Stephanie Slater (30.57), the title holder from 2014, claimed gold in the women’s 50m freestyle S8. Ukraine’s Kateryna Istomina (31.76) sealed silver and Russia’s Olesia Vladykina (31.84) bronze.
Millward and Rodgers were also part of the gold-medal winning women's 4x100m medley relay 34 points team, featuring Harriet Lee and Claire Cashmore, who took the title in 4:35.15. Russia were second in 4:58.79 whilst Hungary (5:15.11) just pipped Spain to the wall for bronze.
Ukraine’s title holder Yevheniy Bohodayko (28.23) won his fourth gold of the Championships in the men’s 50m freestyle S7. A very close race saw him triumph over Russia’s Sergey Sukharev (28.52) and Germany’s Tobias Pollap (28.98) in second and third respectively.
Dutch European champion Marc Evers swam expertly to his second gold in the men’s 200m individual medley SM14, pulling away from the field during the freestyle leg to finish in 2:11.67.
“It was good swimming after the bad day in the breaststroke, but sometimes you learn from something and that can sometimes happen,” Evers said. “It was slow though, but the 2:11 is ok for now and I want to be faster in Rio.”
Russia’s Mikhail Kuliabin (2:14.21) sealed silver and Great Britain’s Thomas Hamer (2:15.94) was third.
Teresa Perales (38.01) took her fourth, and Spain’s 11th, gold of the Championships in the women’s 50m freestyle S5. Brazil’s Joana Maria Silva (38.16) pushed her to the wall but just missed out on the gold, securing Open silver. The Czech Republic’s Bela Treboniva (38.62) left with European silver. France’s Anita Fatis took the European bronze.
The men’s 50m freestyle S4 was an emotional affair, as it saw the final international race of Spain’s six-time Paralympian, Sydney 2000 gold medallist and European champion Richard Oribe.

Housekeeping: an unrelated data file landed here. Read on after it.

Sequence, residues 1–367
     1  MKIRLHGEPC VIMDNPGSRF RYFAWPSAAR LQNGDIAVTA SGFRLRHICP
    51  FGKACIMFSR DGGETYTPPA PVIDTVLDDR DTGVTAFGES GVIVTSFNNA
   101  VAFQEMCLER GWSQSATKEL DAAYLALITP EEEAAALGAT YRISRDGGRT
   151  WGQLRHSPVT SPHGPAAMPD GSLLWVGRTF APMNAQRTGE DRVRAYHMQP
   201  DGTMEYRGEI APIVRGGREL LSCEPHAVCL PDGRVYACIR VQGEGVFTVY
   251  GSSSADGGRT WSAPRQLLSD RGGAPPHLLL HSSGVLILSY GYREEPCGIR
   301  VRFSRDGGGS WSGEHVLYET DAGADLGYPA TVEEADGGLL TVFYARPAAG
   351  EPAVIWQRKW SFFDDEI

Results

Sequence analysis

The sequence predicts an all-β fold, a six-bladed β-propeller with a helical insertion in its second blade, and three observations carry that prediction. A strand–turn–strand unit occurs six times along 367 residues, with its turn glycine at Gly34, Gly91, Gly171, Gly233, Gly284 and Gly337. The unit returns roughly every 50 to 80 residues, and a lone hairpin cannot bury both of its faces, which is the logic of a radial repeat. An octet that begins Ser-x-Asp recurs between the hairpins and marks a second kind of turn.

Russia’s Roman Zhdanov (39.57) took the baton from the Spaniard, leaving France’s David Smetanine (40.13) with silver and Ukraine’s Andrii Derevinskyi (41.23) in bronze.
Paralympic, world and European champion Denis Tarasov (26.21) made sure he left with five gold medals for Russia in the men’s 50 freestyle S8. Ukrainian teammates Bohdan Hrynenko (26.92) and Iurii Bozhynskyi (27.20) claimed silver and bronze respectively.
Brazilian world champion Andre Brasil (1:01.34) survived a late charge from Estonia’s Kardu Ploomipuu (1:01.69) in the men’s 100m backstroke S10 to take Open gold. Ploompiuu took European gold and Open silver ahead of Italy’s Riccardo Menciotti (1:02.62) with European silver. Ukraine’s Denys Dubrov (1:03.03) was third on the regional podium.
“This has been a good test for Rio. Like here, we will swim in a lot of events,” Brasil said. “The Paralympic Games will be completely different. The Brazilian people will see how the sport has grown and how much Paralympic sport has improved.”
Vietnam’s Thanh Tung Vo (34.43) set a new Asian record on his way to Open gold in the men’s 50m freestyle S5. Spain’s Sebastian Rodriguez (34.60) just edged Great Britain’s Andrew Mullen (35.41).
Brazil’s World Championships silver medallist teammate Matheus Sousa (59.72) was the victor in the men’s 100m freestyle S11. He beat South Africa’s Hendri Herbst (1:01.17) to the wall for Open silver.
“I am really happy, although I want to do 58.00,” Sousa said. “It’s a great result and I’m going back to Brazil with a big smile on my face, because it’s a big year.”
Ukraine’s Oleksandr Maschenko (1:01.41) took Open bronze and European gold in front of Belarusian Hryhory Zudzilau (1:02.21) with European silver. Poland’s Wojciech Artur Makowski (1:03.13) completed the European podium in third.
Colombia’s Nelson Crispin (31.51) secured his fourth Open gold of the Championships in the men’s 50m butterfly S6. Russia’s Sergey Klyagin (33.66) and Spain’s Alejandro Yared Rojas Cabrera (36.31) were second and third respectively.
Ukraine left the 2016 IPC Swimming European Open Championships at the top of the medals table with 37 golds, 36 silver and 25 bronze.
Russia were second with 30 golds, 31 silver and 25 bronze.
The 2016 IPC Swimming European Open Championships have featured 450 swimmers from 51 countries.